It starts as a dull, aching pain in the front of the knee. Perhaps you notice it when you walk down the stairs or squat or when you struggle to get up after prolonged sitting. Eventually, it begins to hurt when walking, running, and skiing, which impacts how you participate in these activities. If left untreated, quality of life can start to deteriorate as you find yourself avoiding activities you once enjoyed. 

As one of the most active cities in North America, Bend, Oregon, sees its fair share of sports and orthopedic-related conditions, and patellofemoral pain syndrome is up near the top. We interviewed Bend physical therapist Scott Weber, who is an expert at helping his patients overcome knee pain to better understand this common condition and how to prevent and treat it.

Patellofemoral pain syndrome is one of the most common causes of knee pain. The pain associated with it comes from dysfunction or tissue degeneration where the patella slides up and down on the groove of the femur as you bend and straighten the knee.

“The patella should slide up and down the center of the groove in the femur, but improper alignment can cause it to go off to the side a bit, causing abnormal compression.”

Scott Weber, PT, CLT

The condition is also known as runner’s knee because it is most commonly seen in people who participate in high-impact sports such as running. But this doesn’t mean that all runners have bad knees. Quite the contrary is true as running can help strengthen the muscles surrounding the knee. BUT, if there is a structural defect that is exacerbated by running, you will likely damage or wear down the cartilage behind your knee. 

Why Does Patellofemoral Pain Syndrome Happen?

Typically, patellofemoral pain syndrome is caused by a structural defect that causes abnormal tracking of the patella that causes it to not glide correctly in the groove of the femur. This can cause an irregular distribution of force under the patella, which over time can sometimes result in degenerative changes of cartilage, showing up later as chondromalacia. The majority of the time, the abnormal tracking is due to abnormal mechanical movement patterns of the leg, such as:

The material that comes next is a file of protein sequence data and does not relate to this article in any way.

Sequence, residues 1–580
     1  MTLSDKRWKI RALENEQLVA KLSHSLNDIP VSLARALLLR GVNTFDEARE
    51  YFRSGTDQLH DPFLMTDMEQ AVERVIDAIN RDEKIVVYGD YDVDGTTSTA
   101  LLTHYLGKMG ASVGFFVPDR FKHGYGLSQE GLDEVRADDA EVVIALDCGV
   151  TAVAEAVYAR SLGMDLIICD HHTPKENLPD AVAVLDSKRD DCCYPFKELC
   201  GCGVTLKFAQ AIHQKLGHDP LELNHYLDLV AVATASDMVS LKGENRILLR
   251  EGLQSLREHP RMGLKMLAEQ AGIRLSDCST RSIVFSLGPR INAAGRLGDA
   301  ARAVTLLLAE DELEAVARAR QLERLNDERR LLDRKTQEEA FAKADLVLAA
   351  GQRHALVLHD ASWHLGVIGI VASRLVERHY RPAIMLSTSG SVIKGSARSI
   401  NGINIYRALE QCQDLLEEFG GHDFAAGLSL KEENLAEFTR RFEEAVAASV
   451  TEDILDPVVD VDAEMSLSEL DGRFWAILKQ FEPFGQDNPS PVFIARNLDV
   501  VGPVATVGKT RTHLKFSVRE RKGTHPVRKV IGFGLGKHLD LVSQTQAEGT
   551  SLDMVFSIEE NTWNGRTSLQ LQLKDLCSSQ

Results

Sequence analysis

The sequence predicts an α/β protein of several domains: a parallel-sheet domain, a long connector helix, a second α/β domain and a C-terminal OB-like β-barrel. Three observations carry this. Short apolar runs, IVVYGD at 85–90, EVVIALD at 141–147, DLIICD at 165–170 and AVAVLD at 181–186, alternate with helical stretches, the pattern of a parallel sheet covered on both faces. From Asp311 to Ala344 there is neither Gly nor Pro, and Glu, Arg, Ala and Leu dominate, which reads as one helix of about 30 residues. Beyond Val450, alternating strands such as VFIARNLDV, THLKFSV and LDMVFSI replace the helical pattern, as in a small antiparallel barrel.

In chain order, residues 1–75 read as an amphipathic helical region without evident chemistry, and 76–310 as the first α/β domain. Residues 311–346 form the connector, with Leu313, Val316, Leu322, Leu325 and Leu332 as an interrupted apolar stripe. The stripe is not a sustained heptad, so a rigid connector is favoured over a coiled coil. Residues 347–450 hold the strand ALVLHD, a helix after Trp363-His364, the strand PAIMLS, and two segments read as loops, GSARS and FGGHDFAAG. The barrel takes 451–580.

• Internal rotation of the leg
  • Knees dropping in
  • Feet pronating/flat arches
  • Tight hamstrings
  • Weak thigh muscles
  • Kneecap that is too high in the knee joint
  • Tight Achilles tendon/poor ankle mobility
  • Poor foot support
  • Overuse
  • Injury

Understanding Chondromalacia Patella

As patellofemoral pain worsens, you may seek out your healthcare provider for help. Often, they will prescribe imaging. Chondromalacia patella is diagnosed if there is degeneration of the cartilage on the underside of the kneecap. The severity of the cartilage softening is graded on a scale of one to four, with four being the most severe. 

Physical Therapy and Knee Pain

Physical therapists are movement experts, and since patellofemoral pain syndrome is rooted in abnormal tracking of the patella, they are perfectly positioned to treat it. Scott recommends that if you’re having anterior knee pain frequently, see a physical therapist sooner rather than later.

woman receiving gua sha treatment for knee pain in bend oregon

During a PT evaluation, the provider will assess the structures around the patella to see if tissues are pulling on it in any way or if the position of the patella is not correct. They will also assess the stability and integrity of the other structures around the knee and the entire body’s alignment.

Treatment for patellofemoral pain syndrome (and even chondromalacia) typically involves range of motion exercises, loading exercises, neuromuscular control exercises, and exercises that retrain the leg to move mechanically appropriately. They may also include Kinesio taping to help the knee track better and reduce pain. A PT may also recommend low resistance cycling as it allows the knee to track normally when the leg is in correct alignment. 

“Most problems are driven by abnormal forces that cause abnormal movement patterns, resulting in pain and can eventually lead to degenerative changes,” said Scott. “Despite this, as physical therapists, we can still make improvements – even with degenerative tissue, which can heal and remodel to tolerate a healthy distribution of weight on the patella. 

If you’re struggling with knee pain, schedule an evaluation with a physical therapist. Together, you can build a program that helps you achieve your physical goals so you can return to experiencing every day without knee pain.